Pregnant women and newborns are at a higher risk of morbidity and death from influenza and pertussis. Vaccination is the most significant method of illness prevention for both diseases. Researchers assessed pregnant women’s knowledge and acceptability of influenza and pertussis vaccines. To assess possible impacts on the acceptance or rejection of pertussis or influenza vaccines, they utilised a questionnaire to assess knowledge about pertussis and influenza. Pertussis and influenza vaccines were accepted at rates of 11.2 percent and 19.8 percent, respectively. The rate of acceptance of these vaccines was unaffected by maternal age, education level, work position, number of gestations, or gestational age. Pregnant women who had a history of immunisation throughout their youth and prior pregnancies, on the other hand, were substantially more likely to accept pertussis vaccines. Knowledge regarding the hazards of pertussis and influenza infections for pregnant women and their children influences vaccine acceptability significantly.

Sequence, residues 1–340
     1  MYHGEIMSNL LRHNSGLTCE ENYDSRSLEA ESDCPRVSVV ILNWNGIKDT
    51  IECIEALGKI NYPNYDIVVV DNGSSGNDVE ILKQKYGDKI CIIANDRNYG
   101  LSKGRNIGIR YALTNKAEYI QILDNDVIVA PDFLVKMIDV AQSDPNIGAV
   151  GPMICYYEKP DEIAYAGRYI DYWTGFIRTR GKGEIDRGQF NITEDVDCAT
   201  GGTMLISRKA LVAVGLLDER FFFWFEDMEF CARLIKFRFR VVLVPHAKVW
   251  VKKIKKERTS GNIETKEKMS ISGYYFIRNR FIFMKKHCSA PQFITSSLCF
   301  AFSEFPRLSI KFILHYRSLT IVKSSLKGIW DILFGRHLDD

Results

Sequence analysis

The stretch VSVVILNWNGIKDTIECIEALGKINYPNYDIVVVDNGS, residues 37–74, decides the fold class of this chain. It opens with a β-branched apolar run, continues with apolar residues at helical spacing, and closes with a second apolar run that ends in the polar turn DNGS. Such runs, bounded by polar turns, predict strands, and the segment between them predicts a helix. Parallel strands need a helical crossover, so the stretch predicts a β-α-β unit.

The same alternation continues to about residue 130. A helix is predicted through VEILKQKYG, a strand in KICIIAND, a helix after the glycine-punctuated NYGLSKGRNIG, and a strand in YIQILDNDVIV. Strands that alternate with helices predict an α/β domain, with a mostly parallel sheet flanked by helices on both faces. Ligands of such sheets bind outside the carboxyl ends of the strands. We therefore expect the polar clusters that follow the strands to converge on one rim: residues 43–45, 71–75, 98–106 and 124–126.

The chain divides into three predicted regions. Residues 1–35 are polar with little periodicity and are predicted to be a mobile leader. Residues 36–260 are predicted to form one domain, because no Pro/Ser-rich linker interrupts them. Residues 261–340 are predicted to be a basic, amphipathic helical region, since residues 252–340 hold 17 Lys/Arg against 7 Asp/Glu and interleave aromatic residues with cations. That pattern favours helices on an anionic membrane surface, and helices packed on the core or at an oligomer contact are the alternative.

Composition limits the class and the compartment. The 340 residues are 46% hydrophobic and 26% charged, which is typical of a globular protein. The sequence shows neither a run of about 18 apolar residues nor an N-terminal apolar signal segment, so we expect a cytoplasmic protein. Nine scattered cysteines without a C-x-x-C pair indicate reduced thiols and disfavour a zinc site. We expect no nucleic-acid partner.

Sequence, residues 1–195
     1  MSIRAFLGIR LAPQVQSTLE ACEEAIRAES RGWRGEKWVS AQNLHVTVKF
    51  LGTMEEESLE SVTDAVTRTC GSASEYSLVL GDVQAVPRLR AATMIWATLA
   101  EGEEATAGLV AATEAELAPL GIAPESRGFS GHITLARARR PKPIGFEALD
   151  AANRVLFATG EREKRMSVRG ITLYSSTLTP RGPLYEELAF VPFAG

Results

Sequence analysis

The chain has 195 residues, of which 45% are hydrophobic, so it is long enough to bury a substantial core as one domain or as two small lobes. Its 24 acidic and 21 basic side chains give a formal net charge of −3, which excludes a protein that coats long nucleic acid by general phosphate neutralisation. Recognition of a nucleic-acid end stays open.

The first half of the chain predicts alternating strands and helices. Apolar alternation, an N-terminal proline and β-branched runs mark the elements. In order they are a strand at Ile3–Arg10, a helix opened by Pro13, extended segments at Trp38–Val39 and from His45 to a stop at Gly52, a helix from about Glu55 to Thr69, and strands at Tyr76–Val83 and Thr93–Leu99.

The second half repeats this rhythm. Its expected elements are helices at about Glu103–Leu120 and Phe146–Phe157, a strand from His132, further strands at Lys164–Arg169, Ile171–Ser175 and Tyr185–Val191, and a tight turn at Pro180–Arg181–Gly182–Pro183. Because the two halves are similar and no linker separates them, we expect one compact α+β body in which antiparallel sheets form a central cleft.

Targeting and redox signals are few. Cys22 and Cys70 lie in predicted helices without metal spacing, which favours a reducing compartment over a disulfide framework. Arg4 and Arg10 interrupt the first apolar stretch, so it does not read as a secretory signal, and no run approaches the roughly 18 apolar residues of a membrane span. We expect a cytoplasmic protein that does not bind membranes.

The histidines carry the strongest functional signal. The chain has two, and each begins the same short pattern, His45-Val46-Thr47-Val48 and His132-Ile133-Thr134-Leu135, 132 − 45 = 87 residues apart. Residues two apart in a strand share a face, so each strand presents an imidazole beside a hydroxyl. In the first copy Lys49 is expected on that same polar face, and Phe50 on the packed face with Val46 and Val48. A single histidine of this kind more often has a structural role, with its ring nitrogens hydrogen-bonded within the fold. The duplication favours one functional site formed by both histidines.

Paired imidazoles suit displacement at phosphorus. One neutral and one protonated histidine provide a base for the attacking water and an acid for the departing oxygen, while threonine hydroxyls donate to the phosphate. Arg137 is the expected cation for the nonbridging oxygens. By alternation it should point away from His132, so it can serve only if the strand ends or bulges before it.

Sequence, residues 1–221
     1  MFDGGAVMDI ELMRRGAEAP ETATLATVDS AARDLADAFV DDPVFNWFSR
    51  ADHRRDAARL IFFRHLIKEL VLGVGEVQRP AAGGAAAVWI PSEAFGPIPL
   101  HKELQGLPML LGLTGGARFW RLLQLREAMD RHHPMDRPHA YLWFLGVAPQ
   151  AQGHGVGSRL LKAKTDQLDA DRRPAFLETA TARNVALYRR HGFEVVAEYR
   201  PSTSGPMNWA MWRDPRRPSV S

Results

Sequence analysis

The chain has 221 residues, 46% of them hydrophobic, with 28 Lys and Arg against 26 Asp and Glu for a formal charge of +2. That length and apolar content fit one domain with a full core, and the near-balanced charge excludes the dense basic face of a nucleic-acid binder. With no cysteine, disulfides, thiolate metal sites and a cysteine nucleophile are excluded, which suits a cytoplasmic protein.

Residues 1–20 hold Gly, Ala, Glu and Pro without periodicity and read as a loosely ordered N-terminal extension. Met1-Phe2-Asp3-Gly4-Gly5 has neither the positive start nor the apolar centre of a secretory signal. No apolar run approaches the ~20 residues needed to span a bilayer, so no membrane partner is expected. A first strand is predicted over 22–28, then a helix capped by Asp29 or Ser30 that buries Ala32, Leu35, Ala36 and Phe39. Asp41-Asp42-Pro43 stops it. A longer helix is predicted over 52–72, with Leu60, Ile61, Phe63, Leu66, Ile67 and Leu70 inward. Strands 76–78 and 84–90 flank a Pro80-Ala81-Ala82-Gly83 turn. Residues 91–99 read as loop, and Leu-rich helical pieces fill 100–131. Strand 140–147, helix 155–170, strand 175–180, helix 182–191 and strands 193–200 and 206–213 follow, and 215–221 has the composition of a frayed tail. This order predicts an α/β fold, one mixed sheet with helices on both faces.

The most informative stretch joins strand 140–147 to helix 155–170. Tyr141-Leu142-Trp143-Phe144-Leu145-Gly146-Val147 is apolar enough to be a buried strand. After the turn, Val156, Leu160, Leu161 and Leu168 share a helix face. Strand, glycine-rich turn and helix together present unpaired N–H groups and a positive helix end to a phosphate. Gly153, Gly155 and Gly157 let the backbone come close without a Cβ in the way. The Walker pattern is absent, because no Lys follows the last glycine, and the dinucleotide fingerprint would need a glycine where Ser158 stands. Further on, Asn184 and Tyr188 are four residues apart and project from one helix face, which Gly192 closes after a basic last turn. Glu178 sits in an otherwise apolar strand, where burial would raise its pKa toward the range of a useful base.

Even in low socioeconomic status groups, a primary obstetrician’s advice for vaccines was highly predictive of acceptance of both pertussis and influenza vaccination. According to this study, pregnant women in Turkey had an extremely low acceptance rate for pertussis and influenza vaccine. To enhance vaccine acceptance rates during pregnancy, healthcare worker advice and improved knowledge regarding pertussis and influenza morbidity and mortality in pregnant women and newborns are required.